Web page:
Augustine rejected the female principle of love, compassion, and nonviolence and based his actions and his theology on his faith in the efficacy of the male power principle. And to insure that his policies were implemented, he had to further denigrate women, symbol of the female principle. His theology reduced them to a state of being in which they, in themselves, do not image God. According to him, only when the woman is considered in relationship to the man does she image God. But men in and of themselves are in God's image.

...the woman together with her own husband, is the image of God, so that the whole substance may be one image, but when she is referred to separately in her quality as a helpmeet, which regards the woman alone, then she is not the image of God, but as regards the man alone, he is the image of God as fully and completely as when the woman too is joined with him in one.[13]

This was the gospel given by Augustine. There is no point here in trying to trace the reasoning that lead him to this conclusion; it is circuitous, illogical, and unchristian. But it is important to know that his theological stance represents the full-flowering of the sexism that was sown by St. Paul. What was implicit in the teaching of Paul became explicit doctrine in the writings of Augustine and other Church Fathers.

Of course, Augustine found no basis for his doctrines in the teachings of Christ, so he based his teaching of female subservience on passages from the Epistles of Paul. He particularly emphasized the letter to the Corinthians. "Now I want you to realize that the head of every man is Christ, and the head of the woman is man, and the head of Christ is God....A the image and glory of God; but the woman is the glory of man."[14]

The passage quoted above, and developed into doctrine by the church leaders who came after Paul, is idolatrous. By definition, idolatry is giving to another creature, or thing, the honor and glory that belongs to God alone--and this is what institutional Christianity did, and continues to do. In relation to the woman, the man is given the place of God: "A man is the image and glory of God; but the woman is the glory of man." This is blatant idolatry and a pagan doctrine that has no place in a church that claims to be founded on the teachings of Jesus Christ.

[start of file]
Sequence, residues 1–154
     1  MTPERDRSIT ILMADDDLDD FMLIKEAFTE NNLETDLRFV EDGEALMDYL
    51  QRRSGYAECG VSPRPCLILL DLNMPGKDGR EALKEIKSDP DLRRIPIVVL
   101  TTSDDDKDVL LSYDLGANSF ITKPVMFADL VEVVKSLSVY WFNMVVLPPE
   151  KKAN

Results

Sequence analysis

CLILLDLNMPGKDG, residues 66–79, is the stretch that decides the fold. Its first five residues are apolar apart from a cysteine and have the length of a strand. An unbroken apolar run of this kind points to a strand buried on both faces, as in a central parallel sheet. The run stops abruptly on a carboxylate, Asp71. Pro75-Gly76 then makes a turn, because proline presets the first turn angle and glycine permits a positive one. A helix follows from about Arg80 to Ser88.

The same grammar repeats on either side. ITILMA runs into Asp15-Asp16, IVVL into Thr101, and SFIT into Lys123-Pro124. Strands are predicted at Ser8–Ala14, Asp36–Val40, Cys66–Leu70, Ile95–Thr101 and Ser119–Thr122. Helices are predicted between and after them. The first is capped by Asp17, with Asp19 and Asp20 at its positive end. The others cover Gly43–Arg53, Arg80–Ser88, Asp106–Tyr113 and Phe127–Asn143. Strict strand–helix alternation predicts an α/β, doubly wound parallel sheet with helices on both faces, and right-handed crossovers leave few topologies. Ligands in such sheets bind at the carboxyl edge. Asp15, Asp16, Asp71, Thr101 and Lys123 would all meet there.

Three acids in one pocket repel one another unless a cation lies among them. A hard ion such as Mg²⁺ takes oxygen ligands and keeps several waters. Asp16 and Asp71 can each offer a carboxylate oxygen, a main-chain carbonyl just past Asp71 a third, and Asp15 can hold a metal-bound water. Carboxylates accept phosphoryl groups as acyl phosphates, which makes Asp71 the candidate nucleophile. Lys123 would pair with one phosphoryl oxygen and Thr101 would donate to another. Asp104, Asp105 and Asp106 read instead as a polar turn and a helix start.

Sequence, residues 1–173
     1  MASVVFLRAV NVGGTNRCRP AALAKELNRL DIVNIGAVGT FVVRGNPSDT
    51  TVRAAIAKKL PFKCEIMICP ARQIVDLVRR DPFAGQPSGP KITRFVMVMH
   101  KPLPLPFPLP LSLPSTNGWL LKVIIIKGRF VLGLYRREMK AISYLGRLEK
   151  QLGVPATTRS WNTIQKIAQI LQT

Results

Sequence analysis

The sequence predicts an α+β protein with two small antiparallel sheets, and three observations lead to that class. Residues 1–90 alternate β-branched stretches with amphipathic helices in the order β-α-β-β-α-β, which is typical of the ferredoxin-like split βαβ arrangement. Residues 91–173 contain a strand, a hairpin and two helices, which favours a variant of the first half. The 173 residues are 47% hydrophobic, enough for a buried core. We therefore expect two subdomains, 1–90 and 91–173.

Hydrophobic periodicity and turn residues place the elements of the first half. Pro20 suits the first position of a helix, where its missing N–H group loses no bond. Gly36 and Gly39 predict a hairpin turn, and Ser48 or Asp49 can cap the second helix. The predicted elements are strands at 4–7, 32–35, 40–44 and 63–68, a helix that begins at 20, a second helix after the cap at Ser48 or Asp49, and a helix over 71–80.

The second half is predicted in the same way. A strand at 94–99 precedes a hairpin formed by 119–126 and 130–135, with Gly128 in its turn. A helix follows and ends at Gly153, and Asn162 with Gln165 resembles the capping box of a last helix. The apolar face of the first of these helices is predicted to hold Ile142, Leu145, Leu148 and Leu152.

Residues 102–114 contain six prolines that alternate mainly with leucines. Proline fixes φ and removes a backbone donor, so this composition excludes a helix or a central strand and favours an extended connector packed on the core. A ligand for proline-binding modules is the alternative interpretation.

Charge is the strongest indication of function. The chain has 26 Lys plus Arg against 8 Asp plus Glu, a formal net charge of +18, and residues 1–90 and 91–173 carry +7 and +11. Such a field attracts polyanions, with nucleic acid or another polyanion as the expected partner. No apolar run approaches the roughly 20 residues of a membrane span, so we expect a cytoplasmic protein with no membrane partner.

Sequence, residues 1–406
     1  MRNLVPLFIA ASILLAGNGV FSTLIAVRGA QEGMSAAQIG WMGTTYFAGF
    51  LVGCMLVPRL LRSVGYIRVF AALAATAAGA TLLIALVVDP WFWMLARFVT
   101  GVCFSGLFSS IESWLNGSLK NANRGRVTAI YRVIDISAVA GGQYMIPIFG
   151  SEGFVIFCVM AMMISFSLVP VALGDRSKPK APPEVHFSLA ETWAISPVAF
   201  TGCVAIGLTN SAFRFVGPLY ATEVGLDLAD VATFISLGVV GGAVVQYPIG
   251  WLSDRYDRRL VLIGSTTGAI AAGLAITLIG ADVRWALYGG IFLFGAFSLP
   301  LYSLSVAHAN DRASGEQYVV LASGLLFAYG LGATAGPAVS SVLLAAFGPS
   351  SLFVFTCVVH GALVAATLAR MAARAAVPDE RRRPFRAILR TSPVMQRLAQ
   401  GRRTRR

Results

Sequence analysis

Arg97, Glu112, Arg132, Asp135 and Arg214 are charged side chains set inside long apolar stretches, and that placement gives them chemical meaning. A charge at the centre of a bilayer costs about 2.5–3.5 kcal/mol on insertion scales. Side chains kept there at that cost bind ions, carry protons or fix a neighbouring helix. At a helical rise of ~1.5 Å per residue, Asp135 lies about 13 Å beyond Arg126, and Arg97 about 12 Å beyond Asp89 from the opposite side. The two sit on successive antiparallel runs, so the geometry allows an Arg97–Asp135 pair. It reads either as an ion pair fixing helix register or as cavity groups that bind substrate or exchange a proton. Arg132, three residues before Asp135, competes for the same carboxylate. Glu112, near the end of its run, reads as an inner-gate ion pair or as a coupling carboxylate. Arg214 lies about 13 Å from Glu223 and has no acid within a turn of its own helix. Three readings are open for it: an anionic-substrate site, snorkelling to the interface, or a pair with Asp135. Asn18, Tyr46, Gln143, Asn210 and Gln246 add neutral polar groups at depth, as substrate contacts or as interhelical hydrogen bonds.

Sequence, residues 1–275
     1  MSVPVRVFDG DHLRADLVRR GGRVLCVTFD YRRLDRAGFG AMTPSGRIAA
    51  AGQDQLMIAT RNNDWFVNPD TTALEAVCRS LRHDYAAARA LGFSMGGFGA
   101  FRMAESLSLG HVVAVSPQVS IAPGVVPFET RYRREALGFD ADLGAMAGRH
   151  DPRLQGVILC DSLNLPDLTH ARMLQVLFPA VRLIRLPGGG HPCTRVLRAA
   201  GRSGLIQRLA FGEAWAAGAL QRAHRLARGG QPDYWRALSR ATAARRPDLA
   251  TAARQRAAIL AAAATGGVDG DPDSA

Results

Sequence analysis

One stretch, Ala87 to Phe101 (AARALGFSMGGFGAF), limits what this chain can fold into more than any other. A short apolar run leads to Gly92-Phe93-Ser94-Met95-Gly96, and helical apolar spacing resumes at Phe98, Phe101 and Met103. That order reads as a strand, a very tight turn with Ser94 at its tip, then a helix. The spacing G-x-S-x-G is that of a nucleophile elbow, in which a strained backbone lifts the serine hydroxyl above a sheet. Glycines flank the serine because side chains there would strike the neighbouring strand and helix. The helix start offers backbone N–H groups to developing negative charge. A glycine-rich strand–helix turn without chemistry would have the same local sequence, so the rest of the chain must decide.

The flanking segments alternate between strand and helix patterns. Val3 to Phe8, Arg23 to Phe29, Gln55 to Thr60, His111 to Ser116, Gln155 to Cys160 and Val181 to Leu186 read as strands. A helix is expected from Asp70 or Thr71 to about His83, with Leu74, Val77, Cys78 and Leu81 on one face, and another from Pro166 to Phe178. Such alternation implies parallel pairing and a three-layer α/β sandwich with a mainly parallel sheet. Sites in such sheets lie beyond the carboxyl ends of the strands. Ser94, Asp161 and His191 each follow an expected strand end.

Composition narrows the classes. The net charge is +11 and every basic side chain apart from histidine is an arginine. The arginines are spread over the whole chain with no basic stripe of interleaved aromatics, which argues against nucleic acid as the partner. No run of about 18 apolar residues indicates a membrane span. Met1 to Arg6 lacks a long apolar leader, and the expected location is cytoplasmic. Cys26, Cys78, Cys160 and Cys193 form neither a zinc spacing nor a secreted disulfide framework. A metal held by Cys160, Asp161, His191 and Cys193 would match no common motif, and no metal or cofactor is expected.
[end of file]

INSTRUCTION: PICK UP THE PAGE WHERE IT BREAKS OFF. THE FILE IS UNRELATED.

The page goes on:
Another idolatrous pronouncement, still enjoying widespread popularity in Christian theology, is a passage from Paul's Epistle to the Church at Ephesus. This Scripture gives the man the same position in relation to the woman that Christ is given in relation to the Church. "Wives should regard their husband as they regard the Lord, since as Christ is head of the Church and saves the whole body, so is a husband the head of his wife."[15]

The Scripture quoted above, and the previous quotation from Paul's letter to the Corinthians, are the foundation upon which Christian sexism has been built. And because it is an idolatrous foundation, it reveals the strength and tenacity behind the battle to keep women segregated and the refusal to recognize them as the intellectual, moral, and spiritual equals of men.

The battle against recognition of female equality is a battle to retain the illusion that, at least in relation to women, men are god like. And rather than relinquish their claim to stand in God's stead. men will encourage other men, and women, to become idolaters.

One of the most-used weapons in this idolatrous war against God's sovereignty on earth, is the constant denigration of the female principle. Although Jesus liberated the qualities of compassion, care-giving, and nonviolence from their segregation in women, and in the domestic world of home and family, institutional Christianity has done its best to keep the female principle sealed off from the mainstream of life. The only challenge to this most unchristian form of Christianity survives in the history of the "heretics" who challenged the Church throughout the centuries.[16]

Those heretics kept reminding mainstream Christians that Jesus embraced pacifism, the equality of the female, and the elimination of any hierarchy that mediated between God and human beings. They tried to imitate Jesus by allowing men as well as women to manifest the qualities of the female principle, and to express that principle in the political, social and religious life of Christendom.[17]

The Church responded to their message by killing them in a variety of ways.

Previous Page Bibliography Table of Contents Next Chapter